Media, Democrats Stretch Mightily to Accuse Trump Jr. of Lawbreaking
Former FEC commissioner says 'zero evidence' president's son did much besides talk politics with a Russian
In the media’s mad rush to show Donald Trump Jr. did something potentially illegal by meeting in June 2016 with a Russian attorney, election experts are stretching mightily to fit federal statutes to the actions of President Donald Trump’s son.
The trouble is, there is nothing in the federal code to stick to Trump Jr. for his ill-advised meeting, according to at least one campaign-law expert.
Trump Jr. was lured into the meeting with promises of damaging information on the Democratic National Committee and then-likely Democratic nominee Hillary Clinton.
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The attorney, Natalia Veselnitskaya, was a former prosecutor in Moscow in the early 2000s, but was not an official in 2016. The media have simply said she “has ties” to the Kremlin, which have not actually been shown in the present.
Still, her nationality raises a problem. As a foreign citizen, Veselnitskaya cannot donate to U.S. political campaigns. The lure of information — even though it is now widely reported she had none to give at that meeting — has been interpreted as a promise of “something of value” by election experts eager to taint Trump Jr. with lawbreaking.
Rick Hasen, a liberal law professor at the University of California at Irvine and author of the Election Law Blog, said the email chain between Trump and a British associate of Veselnitskaya prove solicitation of a valuable contribution.
“Looking at the emails, it seems pretty serious,” Hasen wrote Tuesday on his blog. “Hard to see how there is not a serious case here of solicitation. Trump Jr. appears to have knowledge of the foreign source and is asking to see it. As I explained earlier, such information can be considered a ‘thing of value’ for purposes of the campaign finance law.”
“Nothing prohibits a U.S. group from hiring a British ex-spy to write up a dossier of opposition research on an opposing candidate.”
It was the meatiest legal claim that shot across Twitter and social media on Tuesday, as liberals and anti-Trump activists crowed about a “smoking gun,” and even a “smoking cannon.” Not only did The New York Times prove, after more than a year of searching, a Trump campaign-Russia connection — some kind of version of one, that is — they also tarred Trump Jr. with lawbreaking.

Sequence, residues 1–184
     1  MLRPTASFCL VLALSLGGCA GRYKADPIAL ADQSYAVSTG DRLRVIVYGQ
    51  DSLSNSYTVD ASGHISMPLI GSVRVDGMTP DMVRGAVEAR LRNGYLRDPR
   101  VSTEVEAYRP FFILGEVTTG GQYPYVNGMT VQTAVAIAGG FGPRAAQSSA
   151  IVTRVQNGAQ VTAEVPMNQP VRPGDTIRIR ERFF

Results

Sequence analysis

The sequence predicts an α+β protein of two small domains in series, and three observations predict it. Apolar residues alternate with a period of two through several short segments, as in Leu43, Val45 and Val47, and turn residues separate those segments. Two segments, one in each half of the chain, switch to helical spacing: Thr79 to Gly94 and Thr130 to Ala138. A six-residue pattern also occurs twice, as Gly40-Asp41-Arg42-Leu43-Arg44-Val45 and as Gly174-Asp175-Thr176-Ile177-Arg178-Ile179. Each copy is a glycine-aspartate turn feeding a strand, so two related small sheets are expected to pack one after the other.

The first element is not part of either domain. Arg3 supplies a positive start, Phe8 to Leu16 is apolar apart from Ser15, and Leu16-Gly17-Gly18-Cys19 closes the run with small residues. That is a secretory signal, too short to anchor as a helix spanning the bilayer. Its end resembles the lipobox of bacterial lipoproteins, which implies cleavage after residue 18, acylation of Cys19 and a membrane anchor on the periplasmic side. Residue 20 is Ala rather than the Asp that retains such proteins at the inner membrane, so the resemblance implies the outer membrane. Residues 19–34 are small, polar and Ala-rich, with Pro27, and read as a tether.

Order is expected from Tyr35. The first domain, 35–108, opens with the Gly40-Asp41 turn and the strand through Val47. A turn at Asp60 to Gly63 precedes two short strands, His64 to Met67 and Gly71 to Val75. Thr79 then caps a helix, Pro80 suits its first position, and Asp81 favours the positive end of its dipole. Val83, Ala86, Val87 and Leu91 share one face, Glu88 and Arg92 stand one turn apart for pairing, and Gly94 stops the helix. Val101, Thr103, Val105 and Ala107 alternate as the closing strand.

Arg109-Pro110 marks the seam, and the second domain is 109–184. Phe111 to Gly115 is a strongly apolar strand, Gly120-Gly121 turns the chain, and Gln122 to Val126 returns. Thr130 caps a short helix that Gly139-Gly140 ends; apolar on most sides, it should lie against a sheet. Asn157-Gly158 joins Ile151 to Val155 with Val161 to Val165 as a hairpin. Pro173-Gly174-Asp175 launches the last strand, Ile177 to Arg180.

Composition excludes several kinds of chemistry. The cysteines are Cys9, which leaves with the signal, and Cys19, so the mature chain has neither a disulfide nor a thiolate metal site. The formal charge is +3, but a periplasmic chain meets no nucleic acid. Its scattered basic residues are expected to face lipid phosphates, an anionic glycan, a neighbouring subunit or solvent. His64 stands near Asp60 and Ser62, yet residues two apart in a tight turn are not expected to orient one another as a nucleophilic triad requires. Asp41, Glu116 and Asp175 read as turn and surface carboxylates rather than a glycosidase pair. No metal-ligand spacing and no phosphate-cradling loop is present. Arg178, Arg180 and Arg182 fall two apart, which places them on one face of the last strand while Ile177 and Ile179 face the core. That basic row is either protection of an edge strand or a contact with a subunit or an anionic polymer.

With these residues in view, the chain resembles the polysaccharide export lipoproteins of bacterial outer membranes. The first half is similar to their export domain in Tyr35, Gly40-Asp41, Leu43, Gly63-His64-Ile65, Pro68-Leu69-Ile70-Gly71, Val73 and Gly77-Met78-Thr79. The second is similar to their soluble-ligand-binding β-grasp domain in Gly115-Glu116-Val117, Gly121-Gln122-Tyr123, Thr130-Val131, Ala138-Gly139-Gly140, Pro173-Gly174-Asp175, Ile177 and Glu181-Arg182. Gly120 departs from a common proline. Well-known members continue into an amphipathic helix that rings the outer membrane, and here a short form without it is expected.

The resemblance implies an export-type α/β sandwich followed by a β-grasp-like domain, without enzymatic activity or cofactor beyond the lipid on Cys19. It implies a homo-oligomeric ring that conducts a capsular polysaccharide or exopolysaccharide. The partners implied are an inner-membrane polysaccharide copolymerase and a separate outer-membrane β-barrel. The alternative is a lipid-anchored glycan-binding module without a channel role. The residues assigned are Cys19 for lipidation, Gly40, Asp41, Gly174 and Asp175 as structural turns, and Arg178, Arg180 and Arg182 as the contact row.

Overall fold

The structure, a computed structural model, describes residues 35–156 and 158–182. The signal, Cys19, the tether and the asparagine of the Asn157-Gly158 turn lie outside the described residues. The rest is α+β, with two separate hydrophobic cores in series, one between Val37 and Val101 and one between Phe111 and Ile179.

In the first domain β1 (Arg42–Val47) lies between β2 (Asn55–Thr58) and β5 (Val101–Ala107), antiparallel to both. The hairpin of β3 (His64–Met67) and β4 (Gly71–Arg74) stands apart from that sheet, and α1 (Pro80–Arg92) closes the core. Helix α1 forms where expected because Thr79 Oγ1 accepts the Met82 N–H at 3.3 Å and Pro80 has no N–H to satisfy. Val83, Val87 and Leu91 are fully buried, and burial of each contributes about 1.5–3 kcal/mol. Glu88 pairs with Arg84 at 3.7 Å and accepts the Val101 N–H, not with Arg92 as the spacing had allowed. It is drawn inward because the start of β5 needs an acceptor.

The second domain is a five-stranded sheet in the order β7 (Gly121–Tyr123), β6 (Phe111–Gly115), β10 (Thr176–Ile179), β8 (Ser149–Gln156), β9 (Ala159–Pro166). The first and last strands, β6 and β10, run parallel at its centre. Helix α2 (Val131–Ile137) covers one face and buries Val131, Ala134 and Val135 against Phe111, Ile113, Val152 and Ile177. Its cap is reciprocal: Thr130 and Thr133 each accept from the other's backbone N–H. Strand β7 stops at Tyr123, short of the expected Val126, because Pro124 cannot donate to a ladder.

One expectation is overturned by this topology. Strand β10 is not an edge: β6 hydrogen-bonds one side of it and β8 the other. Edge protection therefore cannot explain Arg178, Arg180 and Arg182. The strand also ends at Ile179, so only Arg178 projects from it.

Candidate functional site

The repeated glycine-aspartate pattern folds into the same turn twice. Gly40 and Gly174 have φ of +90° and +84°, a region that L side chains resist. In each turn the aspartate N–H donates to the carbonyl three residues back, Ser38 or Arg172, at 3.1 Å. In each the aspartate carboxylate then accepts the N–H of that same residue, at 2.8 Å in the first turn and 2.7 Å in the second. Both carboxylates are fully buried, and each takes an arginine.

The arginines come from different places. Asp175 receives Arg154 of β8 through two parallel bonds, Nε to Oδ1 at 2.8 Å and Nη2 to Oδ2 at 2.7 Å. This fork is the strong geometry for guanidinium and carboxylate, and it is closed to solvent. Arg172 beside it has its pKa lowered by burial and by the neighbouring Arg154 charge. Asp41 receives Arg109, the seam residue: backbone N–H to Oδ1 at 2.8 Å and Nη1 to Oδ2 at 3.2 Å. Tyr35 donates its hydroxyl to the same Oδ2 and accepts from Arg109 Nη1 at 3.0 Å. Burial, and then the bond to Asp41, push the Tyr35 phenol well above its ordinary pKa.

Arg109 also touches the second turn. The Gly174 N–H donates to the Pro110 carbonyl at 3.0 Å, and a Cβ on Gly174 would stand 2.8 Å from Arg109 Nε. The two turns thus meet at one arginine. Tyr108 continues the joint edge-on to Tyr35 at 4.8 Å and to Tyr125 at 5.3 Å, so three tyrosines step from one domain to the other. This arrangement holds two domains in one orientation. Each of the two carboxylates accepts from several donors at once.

But there were a few problems with that wishful thinking: Veselnitskaya and Trump Jr. mostly spoke of U.S.-Russia relations. Second, political dirt, even from a foreign source, is not illegal in many cases.
Brad Smith, a former Federal Election Commission member and a campaign-finance expert, said Trump Jr. appears only to have made an unwise political judgment. The idea of any sort of campaign finance violation is not valid, Smith told LifeZette on Tuesday night.
“There is zero evidence that I know of that the Russians contributed to the campaign, or that the campaign accepted a contribution from the Russians, or that anyone asked the Russians to contribute to the campaign,” Smith said in an email to LifeZette. “Do you know of any? For example, was polling data contributed to the campaign? Oppo research? Nothing went to the campaign. This is truly a none-zip-zero-nada situation, I believe. Thus, the campaign has not accepted or solicited a contribution.”
Smith also said Trump Jr. would not be on the hook if the Russian attorney went out of her way to try to help the Trump campaign. That would be the fault of the Russian, not of the president’s son
Smith noted that some election experts are arguing that Trump Jr. violated the prohibition on assisting an illegal act — which is a regulation, not part of an actual statute.
“But you have to aid or abet one of the illegal acts,” said Smith. “So if there was no solicitation or contribution, you can’t aid or abet it.”
Further, the use of a foreign company as a service or product supplier is not illegal, Smith said. That’s why it was legal for an anti-Trump Republican campaign, and then the Clinton campaign, to use the services of a former British spy, through the Fusion GPS research firm. (go to page 2 to continue reading)[lz_pagination]